Tokyo and its greater metropolitan area form the largest urban conurbation on earth. That’s more than 30 million souls crammed into one of the few flat areas in Japan. Unsurprisingly, space here is at a premium and town planning was given up a long time ago. Function and fit, by necessity, have taken precedence over art and aesthetics.
With a history raised to the ground by bombs and fires, Tokyo is a city with both eyes looking firmly (and, at times, anxiously) to the future as it constantly tweaks and makes ready for whatever the economy or mother nature throws at it next.
Out on the Streets
Tokyo sports an incongruous look of urban grays and hallucinogenic neon (at any time of day). Businesses as banal as a dry cleaners are kitted out with lighting that makes them look like a casino. Consequently, at night, the city puts on a display that would put the Las Vegas ‘Strip’ to shame.
Tokyo’s train system is nothing short of amazing but that doesn’t stop people getting in their cars. Whilst, the traffic never reaches the nightmarish proportions of, say, Bangkok, it’s nonetheless a never ending parade of comical box shaped vehicles.
Pedestrian traffic, too, is considerable and is one of the joys/irritations of a visit to the city. Large numbers of Tokyoites are extremely style conscious and at times one can feel that the whole city is dressed up for an exclusive night club, even if they’re just popping out to do a food shop. In stark contrast, there is a large population of homeless. Almost exclusively older males, many former business executives, their card board communities can found in many parts of the city.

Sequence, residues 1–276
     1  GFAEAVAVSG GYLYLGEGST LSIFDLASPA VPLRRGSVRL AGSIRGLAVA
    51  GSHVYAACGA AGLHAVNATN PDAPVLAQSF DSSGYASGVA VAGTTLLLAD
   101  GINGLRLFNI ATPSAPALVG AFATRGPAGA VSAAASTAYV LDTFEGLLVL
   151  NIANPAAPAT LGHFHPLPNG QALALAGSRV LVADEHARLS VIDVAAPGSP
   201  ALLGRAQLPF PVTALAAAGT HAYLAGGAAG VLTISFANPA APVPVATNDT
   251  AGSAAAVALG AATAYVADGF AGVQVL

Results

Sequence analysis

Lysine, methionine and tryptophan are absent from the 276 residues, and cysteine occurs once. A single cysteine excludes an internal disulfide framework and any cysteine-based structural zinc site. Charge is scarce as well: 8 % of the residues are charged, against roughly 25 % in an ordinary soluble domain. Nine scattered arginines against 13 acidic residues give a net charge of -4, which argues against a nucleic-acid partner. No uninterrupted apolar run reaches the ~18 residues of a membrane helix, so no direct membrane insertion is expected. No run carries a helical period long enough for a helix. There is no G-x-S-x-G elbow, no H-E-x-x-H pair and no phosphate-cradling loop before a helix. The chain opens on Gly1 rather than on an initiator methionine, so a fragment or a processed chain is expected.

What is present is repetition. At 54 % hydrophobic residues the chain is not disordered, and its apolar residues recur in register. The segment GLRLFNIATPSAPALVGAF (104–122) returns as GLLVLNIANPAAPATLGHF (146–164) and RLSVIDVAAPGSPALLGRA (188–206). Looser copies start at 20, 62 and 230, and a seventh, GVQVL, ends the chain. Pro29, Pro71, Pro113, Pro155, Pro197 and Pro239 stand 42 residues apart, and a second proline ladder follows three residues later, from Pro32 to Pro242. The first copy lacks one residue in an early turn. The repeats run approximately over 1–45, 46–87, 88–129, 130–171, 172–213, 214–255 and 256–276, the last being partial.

A final note on Tokyo’s street scene. Whilst the energy of the city is undeniable, for such a fast paced place, the people seem to walk rather slowly (hence the possible irritation).
The stats are impressive, with some 160,000 restaurants and more Michelin stars than any other city in the world. Tokyo really does have something for every palate. The reality for the visitor, though, is intimidating. Signs in Japanese may be unreadable to many and most restaurants are located on upper floors or don’t have street side windows, making it difficult to assess the situation within. That said, there is hope. Many establishments have plastic models of their dishes on display outside. If it gets desperate there are myriad ‘family restaurants’ (a Japanese take on the American diner). Before you turn your noses up, these places are popular, accessible and a great place to meet the locals.
Streets food is sadly lacking (perhaps as it’s considered rude to eat on the go) but stalls can be found wherever there is a festival and around some of the big parks. These are great places to fill up on cheap yakitori (grilled/fried chicken), takoyaki (dough balls filled with octopus) and yakisoba (stir-fried noodles).
Izakaya are the Japanese equivalent of the British pub. Traditional Japanese foods and Western standards are served ‘tapas’ style on small plates for everyone to share and wash down with cheap beer. This is where people come for an unpretentious evening out so the atmosphere is accordingly boisterous and smoky!